your termination is wrong, the intake should be 45' down no less than 12" above anticipated snow line and your exaust should be higher than that and should be 90' up ~8" and 90' away from home. also make certian that there are no other vents within 3 feet eg. dryer or power vent water heaters.
I tend to agree with you - if exhaust pipe is ABOVE the inlet pipe, then the warm and humid air ( which alwais goes up ) will never get into exhaust pipe.

In my case, however, the inlet pipe is one foot above the exhaust, and therefore, sucks in all warm and humid air, and therefor gets iced up.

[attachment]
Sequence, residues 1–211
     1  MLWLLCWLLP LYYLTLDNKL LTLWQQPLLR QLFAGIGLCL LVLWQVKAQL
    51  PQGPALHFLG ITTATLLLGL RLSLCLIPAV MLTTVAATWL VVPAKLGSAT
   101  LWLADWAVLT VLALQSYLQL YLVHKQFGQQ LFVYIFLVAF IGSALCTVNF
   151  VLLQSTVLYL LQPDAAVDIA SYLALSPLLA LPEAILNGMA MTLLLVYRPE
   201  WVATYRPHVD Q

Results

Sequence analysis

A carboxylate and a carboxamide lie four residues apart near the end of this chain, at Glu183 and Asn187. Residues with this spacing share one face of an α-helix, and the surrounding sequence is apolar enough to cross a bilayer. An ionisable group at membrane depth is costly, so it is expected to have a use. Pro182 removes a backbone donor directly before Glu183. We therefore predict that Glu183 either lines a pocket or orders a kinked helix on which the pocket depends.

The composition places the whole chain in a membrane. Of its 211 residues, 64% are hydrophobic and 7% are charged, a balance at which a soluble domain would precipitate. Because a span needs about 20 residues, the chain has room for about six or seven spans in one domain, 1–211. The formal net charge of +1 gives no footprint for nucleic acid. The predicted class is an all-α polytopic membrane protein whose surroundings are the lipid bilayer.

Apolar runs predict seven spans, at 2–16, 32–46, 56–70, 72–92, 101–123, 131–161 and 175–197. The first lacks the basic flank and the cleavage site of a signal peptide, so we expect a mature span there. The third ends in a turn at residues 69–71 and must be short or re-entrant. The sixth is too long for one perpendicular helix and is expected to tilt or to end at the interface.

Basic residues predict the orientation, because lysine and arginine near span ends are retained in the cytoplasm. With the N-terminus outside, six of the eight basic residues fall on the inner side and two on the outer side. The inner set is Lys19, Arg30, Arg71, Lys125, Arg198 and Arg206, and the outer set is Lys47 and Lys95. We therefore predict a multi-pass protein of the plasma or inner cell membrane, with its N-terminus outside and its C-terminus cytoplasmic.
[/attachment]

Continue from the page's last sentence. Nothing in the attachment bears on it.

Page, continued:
I wishh I could attach a pictute - I just made a butiful digital picture of a glogged with ice inlet pipe.

Thanks for your support.

Izya001
 

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You wouldnt happen to have tight metal mesh used as birdscreen would you?
If you do it should be larger than quarter inch mesh
The termination shouldnt matter much, sometyhing else is happening
The Trane sidewall terminations are side by side and only 1/2 inch apart with no 90s
 

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I would consider having the installer return and utilize a concentric exaust and intake termination unit. this is a pipe in a pipe type device where the intake air pipe surrounds the exaust pipe. this would allow any frosting that could occur to thaw or not freeze at all. :Thumbs: here is a web site with a PDA file that shows what i am talking about. see page 7 of this site. http://www.weil-mclain.com/FTP/Ultra%20310/550141965071403andadd.pdf#search='vent%20terminations%20concentric'